An important problem for the analysis of wind turbine impacts is the lack of good paired data for the isolation of the effect. For paired sales data analysis to be effective, the sales data that is compared must be similar in every way with the exception of the presence of wind turbines. Even a moderate variance in one variable can skew the conclusions unless the variable can be effectively accounted for. Typically, sales have numerous differences that dilute the effect of any one variable, and render the data unusable for the isolation of the desired effect.
Q. What did you do to overcome this important problem?
A. I chose an alternative that isolated potential view impacts.
Q. Could you describe how you did that?
A. Sure. I derived an alternative paired data analysis for determining view impacts on property values due to wind turbines from readily available data. One such alternative is Transmission Line view impacts on the prices of single-family residential lots in subdivisions. Sufficient paired data isolating the effects of view loss due to Transmission Lines exist in the marketplace to reach reasonable conclusions as to market tendencies. This data isolates impacts due to view loss associated with Transmission Lines.
Q. What did your analysis involve and what did you conclude from analyzing this paired data isolating view loss?
A. My analysis looked at two suburban metropolitan Milwaukee area subdivisions built along Transmission Line easements. I analyzed these as case studies to derive view impacts due to the Transmission Lines. The subdivisions are the Westin Hills subdivision in Brookfield, Wisconsin and the Bayberry Fields subdivision in Mequon, Wisconsin. Both subdivisions are developed with high quality homes, many of which have sold in recent years for over $500,000.
Westin Hills subdivision was developed in multiple phases with 200 +/- home sites between approximately 1994 and 2000. The development proceeded west to east from Auburn Drive to Brookfield Road in Brookfield, Wisconsin. The first phases of development along Auburn Drive border a Wisconsin Electric Power Company Transmission Line easement. The Transmission Line towers are located in a ravine with varying elevations and distances from the residential lots within the subdivision. Some lots have relatively direct views of the Transmission Lines and others have largely blocked or completely blocked views.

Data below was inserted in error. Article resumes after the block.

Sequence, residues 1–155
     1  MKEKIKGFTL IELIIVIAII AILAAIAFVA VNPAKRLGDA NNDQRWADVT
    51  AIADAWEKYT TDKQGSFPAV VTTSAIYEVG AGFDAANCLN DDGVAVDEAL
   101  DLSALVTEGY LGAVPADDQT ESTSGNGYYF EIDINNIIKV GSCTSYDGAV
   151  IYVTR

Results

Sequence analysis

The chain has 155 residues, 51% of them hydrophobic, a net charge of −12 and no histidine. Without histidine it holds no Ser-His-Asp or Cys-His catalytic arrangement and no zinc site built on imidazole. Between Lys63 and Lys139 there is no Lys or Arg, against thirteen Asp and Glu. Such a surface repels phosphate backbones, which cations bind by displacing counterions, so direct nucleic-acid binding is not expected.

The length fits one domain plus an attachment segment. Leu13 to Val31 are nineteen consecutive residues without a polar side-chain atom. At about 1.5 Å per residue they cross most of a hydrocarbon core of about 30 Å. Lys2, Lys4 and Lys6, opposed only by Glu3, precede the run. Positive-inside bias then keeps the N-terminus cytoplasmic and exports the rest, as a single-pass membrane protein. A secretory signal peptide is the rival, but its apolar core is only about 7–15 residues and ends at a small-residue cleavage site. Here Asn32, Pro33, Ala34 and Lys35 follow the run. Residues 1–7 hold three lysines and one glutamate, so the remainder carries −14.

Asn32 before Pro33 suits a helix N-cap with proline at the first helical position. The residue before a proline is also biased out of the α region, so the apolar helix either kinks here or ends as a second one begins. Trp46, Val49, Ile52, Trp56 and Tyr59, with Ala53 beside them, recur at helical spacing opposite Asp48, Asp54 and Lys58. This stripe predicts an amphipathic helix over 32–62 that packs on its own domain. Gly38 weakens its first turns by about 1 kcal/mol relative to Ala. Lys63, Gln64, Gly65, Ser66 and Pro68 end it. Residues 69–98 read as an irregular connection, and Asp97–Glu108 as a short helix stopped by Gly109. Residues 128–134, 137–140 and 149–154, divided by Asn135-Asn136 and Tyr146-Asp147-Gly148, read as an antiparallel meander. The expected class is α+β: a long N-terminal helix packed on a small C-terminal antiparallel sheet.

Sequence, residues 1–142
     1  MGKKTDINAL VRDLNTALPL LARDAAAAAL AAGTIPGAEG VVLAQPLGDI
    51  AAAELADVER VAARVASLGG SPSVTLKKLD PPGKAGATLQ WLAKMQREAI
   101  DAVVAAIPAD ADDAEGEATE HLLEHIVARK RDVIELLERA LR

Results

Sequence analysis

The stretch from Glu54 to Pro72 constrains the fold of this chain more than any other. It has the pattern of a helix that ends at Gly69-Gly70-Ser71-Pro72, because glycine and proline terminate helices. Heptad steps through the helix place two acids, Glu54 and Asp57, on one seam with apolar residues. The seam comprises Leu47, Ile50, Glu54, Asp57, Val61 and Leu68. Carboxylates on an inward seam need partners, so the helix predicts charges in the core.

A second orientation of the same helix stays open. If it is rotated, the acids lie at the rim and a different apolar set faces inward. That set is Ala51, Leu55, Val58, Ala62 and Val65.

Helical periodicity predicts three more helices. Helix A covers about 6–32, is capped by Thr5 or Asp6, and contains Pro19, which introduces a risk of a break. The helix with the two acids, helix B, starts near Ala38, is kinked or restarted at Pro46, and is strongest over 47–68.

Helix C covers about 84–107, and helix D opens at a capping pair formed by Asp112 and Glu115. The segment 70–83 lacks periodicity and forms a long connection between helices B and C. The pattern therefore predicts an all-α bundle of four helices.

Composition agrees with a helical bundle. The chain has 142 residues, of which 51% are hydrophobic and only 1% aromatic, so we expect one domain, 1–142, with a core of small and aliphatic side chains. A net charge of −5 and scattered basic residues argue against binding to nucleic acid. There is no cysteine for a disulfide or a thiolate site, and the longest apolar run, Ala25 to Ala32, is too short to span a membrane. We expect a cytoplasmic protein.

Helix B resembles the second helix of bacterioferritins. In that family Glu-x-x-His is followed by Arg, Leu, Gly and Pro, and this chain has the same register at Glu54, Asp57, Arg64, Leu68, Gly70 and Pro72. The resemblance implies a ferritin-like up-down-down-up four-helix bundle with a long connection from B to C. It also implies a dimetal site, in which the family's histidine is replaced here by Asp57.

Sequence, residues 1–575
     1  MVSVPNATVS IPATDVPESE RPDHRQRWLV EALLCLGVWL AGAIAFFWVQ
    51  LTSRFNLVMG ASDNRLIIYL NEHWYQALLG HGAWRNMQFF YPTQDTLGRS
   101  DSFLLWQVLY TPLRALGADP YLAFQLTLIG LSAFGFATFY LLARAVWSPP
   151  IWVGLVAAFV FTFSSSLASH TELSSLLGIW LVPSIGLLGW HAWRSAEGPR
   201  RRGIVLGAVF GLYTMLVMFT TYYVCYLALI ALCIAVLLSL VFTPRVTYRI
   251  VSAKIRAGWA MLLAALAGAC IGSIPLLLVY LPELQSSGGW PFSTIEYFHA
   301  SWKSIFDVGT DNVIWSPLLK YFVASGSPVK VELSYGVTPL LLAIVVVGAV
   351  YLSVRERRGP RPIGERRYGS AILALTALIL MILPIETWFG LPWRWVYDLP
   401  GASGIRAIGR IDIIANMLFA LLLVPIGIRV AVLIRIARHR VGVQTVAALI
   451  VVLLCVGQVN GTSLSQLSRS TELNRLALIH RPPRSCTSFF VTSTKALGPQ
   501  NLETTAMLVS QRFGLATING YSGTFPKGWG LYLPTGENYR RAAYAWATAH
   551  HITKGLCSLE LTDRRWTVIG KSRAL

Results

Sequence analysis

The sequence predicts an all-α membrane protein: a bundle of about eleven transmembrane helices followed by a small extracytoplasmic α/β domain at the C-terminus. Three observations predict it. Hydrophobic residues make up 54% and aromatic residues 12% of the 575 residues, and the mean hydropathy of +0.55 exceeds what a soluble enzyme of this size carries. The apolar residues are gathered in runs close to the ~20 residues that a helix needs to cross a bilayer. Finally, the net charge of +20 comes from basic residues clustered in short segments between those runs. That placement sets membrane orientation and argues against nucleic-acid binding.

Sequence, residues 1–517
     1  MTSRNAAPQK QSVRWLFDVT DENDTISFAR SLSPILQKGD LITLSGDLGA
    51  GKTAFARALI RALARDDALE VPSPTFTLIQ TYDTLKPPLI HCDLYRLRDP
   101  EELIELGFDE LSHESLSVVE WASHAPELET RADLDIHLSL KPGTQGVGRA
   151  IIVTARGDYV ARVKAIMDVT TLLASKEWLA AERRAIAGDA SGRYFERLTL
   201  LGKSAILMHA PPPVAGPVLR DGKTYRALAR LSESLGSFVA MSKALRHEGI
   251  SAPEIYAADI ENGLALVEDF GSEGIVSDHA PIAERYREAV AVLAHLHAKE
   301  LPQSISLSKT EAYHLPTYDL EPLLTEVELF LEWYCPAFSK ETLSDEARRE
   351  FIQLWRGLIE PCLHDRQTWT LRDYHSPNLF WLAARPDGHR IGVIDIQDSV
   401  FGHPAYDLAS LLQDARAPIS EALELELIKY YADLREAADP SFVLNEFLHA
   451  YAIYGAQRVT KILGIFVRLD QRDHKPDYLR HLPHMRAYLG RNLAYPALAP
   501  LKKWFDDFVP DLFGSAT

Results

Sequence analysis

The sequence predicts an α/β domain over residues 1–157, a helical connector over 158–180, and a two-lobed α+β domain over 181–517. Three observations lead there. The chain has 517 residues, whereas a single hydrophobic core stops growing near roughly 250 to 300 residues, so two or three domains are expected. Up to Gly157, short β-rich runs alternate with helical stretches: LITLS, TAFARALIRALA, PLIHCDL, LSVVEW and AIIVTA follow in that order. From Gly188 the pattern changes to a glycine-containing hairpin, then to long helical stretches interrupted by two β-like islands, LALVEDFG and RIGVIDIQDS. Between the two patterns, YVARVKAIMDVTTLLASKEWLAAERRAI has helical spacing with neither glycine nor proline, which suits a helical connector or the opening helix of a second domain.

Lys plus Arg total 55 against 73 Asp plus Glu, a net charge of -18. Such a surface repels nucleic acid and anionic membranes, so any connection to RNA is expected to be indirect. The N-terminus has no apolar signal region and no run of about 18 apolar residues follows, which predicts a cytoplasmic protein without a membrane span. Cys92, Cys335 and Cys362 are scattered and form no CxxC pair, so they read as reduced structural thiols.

As many of these lots have very similar characteristics other than Transmission Line views, a good paired data analysis can be performed on the lot sales prices to isolate the impact on price due to impaired views. Exhibit 1-A in the addenda highlights four lots in blue which have clear views to the Transmission Lines from their backyards, four similar lots highlighted in yellow across the street with largely blocked views of the Transmission Lines, and three similar lots highlighted in black with largely blocked or completely blocked views of the Transmission Lines.
Exhibit 1-B in the addenda is a paired data analysis which determines the average sales price, date sold, lot size, and lot price per square foot for each of the groups of data highlighted on the plat map in blue, yellow, and black. As the table indicates, the average lot size and date sold are very similar in each case, thereby isolating the impact of views effectively. Having a similar average lot size is important as this characteristic has a significant impact on the price per square foot. Larger lots in this subdivision have a lower overall price per square foot. Inclusion of significantly larger lots in the paired data analysis would skew the data for the view impacts and significantly reduce the reliability of the analysis. No adjustments for site size are necessary. Small time adjustments are required.